Legal and diplomatic obstacles to deploying Canadian military trainers in Ukraine have largely been cleared away, Defence Minister Jason Kenney says.
He was scheduled to tour the multi-national centre at Yavoriv, near the Polish border, on Saturday where the roughly 200 combat instructors will set up shop in the coming weeks.
Both the U.S. and Britain have been at the training grounds since the spring, running hundreds of Ukrainian national guardsmen through remedial, basic military courses.
Canada’s contribution was announced with much political fanfare in mid-April, but it could be August before the full contingent is on the ground.
“We do not yet have a technical assistance agreement with Ukraine,” he said in an interview with The Canadian Press. “We need a legal framework before we can fully deploy our trainers here. That’s one of the reasons for my visit. It’s to resolve some of the outstanding, technical legal issues.”
Kenney did not say what the hang-ups might be, but pointed out the Americans had worked on their technical agreement with Kyiv over year before Canada and that they were in a better position to move ahead quickly.
Aside from negotiating the legal framework with the Ukrainian government, Kenney says the Pentagon only recently gave Canada the green light to share the training base, which was originally leased to NATO at a time when the former Soviet republic was on its way to joining the alliance.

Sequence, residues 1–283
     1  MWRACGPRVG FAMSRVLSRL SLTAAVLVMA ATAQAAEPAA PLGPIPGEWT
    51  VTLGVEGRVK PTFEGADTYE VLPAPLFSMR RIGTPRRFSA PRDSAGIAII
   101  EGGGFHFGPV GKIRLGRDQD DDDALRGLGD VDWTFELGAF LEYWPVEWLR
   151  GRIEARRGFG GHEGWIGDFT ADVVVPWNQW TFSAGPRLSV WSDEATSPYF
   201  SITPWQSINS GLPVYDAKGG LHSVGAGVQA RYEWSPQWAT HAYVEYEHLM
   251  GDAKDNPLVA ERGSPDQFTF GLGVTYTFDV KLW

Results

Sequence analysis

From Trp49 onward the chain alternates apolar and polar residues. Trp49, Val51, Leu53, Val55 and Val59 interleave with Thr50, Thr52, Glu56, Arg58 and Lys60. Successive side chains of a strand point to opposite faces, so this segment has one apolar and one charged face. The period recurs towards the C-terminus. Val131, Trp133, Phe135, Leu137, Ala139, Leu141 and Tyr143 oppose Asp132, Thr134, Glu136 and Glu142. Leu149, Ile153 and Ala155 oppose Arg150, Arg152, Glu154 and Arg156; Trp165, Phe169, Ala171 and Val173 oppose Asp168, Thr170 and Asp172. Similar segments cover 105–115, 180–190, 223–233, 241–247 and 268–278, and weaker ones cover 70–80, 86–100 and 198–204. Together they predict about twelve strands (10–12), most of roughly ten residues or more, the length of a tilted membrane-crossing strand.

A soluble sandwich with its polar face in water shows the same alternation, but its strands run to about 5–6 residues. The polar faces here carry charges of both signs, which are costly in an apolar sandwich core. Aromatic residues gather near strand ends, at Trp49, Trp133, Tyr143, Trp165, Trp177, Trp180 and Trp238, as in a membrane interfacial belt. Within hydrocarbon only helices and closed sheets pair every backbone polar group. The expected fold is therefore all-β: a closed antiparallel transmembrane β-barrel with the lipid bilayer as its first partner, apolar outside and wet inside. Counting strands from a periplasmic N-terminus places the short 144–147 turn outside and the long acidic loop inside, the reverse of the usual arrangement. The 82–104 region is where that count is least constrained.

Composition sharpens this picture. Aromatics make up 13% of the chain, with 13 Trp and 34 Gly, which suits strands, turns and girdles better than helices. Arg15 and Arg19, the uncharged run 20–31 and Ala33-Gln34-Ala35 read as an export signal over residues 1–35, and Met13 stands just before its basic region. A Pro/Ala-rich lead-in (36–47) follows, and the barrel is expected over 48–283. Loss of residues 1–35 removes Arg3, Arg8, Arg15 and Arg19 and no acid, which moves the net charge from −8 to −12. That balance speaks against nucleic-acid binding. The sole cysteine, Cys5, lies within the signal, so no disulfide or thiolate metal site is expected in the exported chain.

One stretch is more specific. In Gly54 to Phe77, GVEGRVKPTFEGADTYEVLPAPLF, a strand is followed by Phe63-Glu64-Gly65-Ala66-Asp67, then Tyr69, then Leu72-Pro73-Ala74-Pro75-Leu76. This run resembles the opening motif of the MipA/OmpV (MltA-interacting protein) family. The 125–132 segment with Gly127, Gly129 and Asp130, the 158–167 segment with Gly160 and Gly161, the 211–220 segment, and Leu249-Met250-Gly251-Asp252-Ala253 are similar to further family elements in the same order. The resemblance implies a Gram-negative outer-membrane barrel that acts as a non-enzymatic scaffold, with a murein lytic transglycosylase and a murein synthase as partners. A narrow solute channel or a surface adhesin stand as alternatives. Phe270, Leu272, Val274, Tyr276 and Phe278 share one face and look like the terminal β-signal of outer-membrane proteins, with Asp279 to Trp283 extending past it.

“We realized we could save a lot of money if co-located with the Americans at the same training base and shared logistics and there would be an economy of scale there, and for internal reasons they couldn’t actually give the green light until quite recently,” he said.
There was a similar gap between the announcement and the deployment of troops and aircraft last fall to do battle with the Islamic State. Canadian officials had to scramble to exchange diplomatic notes with Iraq in order to define legal protections for troops and pilots who would called upon to use deadly force.
The Harper government elected to not go all of the way with Baghdad and create a status of forces agreement, something that concerned opposition parties.
There are, at the moment, approximately 40 Canadians on the ground in Ukraine, conducting a reconnaissance and preparing for the larger contingent.
The bulk of that force, which will be in Yavoriv, will carry out combat arms training, but a handful will also be sprinkled at other centres, notably the Ukrainian Ministry of Defence de-mining centre in Kamyanets-Podilsky in the country’s extreme southwest.
There will also be medical trainers, military police instructors, flight safety teachers and others showing Ukrainians how to set up an effective military supply chain.
But it is the hard-won Afghan war skills of detecting, avoiding and dismantling roadside bombs that will be of exceptional value, Ukrainian military officials have said privately.
On Thursday, NATO announced it is establishing a new trust fund for Ukraine that “will aim at de-mining, and also on countering improvised explosive devices.”
Seven Ukrainian soldiers died earlier this month when their truck hit a mine not far from Krasnogorivka, west of Donetsk. A passenger bus blew up after striking a mine last spring, killing three people in the same region.
The United Nations Children’s Fund (UNICEF) has warned that unexploded mines and ammunition pose a special threat to children in eastern Ukraine.